Bile acids, synthesized by hepatocytes from cholesterol, are specific and quantitatively important
organic components of bile, where they are the main driving force of the osmotic process that generates bile flow
toward the canaliculus. The bile acid pool comprises a variety of species of amphipathic acidic steroids. They are
not mere detergent molecules that play a key role in fat digestion and the intestinal absorption of hydrophobic
compounds present in the intestinal lumen after meals, including liposoluble vitamins. They are now known to be
involved in the regulation of multiple functions in liver cells, mainly hepatocytes and cholangiocytes, and also in extrahepatic tissues.
The identification of nuclear receptors, such as farnesoid X receptor (FXR or NR1H4), and plasma membrane receptors, such as the G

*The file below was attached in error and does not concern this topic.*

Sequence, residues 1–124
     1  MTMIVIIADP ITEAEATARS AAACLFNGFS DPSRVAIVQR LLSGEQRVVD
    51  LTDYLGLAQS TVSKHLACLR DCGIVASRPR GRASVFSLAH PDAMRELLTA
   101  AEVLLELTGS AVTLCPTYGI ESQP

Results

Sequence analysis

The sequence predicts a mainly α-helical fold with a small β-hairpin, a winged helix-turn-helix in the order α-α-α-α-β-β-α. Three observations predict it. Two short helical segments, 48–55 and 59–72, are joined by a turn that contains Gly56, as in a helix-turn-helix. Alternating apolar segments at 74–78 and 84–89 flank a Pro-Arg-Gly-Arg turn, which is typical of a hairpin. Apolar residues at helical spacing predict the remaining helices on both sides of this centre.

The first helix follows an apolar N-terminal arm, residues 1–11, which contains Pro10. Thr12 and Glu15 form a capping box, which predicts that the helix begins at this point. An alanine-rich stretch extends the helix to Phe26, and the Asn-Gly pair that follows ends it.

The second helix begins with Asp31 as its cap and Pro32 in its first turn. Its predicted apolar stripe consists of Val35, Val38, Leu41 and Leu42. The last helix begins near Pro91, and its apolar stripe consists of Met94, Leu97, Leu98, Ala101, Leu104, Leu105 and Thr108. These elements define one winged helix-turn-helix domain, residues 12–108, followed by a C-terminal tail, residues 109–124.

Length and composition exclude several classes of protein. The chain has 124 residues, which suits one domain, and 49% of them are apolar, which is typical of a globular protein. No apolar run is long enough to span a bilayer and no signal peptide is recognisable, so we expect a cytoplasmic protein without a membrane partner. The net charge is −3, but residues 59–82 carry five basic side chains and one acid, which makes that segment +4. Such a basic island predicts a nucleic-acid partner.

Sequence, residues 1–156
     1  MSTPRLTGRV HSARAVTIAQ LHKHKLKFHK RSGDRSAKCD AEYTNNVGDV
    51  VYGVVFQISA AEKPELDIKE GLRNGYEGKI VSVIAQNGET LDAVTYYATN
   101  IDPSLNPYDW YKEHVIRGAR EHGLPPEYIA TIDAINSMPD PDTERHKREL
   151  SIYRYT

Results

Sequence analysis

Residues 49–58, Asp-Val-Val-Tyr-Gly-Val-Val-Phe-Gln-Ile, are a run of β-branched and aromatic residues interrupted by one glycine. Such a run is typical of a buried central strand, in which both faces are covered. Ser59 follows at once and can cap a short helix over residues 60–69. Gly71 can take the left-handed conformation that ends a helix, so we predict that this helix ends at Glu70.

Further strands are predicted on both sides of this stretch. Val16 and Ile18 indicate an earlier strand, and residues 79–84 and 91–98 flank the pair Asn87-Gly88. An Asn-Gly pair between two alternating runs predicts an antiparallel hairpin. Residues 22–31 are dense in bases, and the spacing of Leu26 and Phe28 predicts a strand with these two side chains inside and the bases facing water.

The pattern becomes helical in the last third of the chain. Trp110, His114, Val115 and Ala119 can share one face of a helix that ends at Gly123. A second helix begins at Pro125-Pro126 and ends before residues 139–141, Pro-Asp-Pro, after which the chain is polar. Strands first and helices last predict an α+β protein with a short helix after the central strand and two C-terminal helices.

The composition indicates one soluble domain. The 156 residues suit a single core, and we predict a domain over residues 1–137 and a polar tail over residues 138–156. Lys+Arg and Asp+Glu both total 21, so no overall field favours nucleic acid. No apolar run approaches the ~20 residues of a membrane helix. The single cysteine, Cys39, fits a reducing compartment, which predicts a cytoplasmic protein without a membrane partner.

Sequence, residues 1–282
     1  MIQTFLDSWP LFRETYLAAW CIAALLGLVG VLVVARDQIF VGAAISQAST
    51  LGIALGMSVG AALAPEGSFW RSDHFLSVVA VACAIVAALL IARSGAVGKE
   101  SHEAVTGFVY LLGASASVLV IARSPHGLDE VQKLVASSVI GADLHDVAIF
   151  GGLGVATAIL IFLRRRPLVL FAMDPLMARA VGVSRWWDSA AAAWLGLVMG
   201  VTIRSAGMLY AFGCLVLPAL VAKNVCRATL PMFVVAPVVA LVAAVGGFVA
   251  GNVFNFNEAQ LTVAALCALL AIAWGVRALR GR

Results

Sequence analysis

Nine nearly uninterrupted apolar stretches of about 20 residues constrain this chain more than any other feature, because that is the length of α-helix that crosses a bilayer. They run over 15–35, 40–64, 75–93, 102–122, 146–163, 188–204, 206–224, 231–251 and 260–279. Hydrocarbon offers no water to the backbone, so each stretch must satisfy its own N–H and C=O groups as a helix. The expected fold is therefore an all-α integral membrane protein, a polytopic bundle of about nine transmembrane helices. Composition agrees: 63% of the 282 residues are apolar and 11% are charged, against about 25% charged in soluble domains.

protein-coupled bile acid receptor (TGR5, GPBAR1 or MBAR), which are able to trigger specific and complex responses upon activation
(with dissimilar sensitivities) by different bile acid molecular species and synthetic agonists, has opened a new and promising field of
research whose implications extend to physiology, pathology and pharmacology. In addition, pharmacological development has taken
advantage of advances in the understanding of the chemistry and biology of bile acids and the biological systems that interact with them,
which in addition to the receptors include several families of transporters and export pumps, to generate novel bile acid derivatives aimed
at treating different liver diseases, such as cholestasis, biliary diseases, metabolic disorders and cancer. This review is an update of the
role of bile acids in health and disease.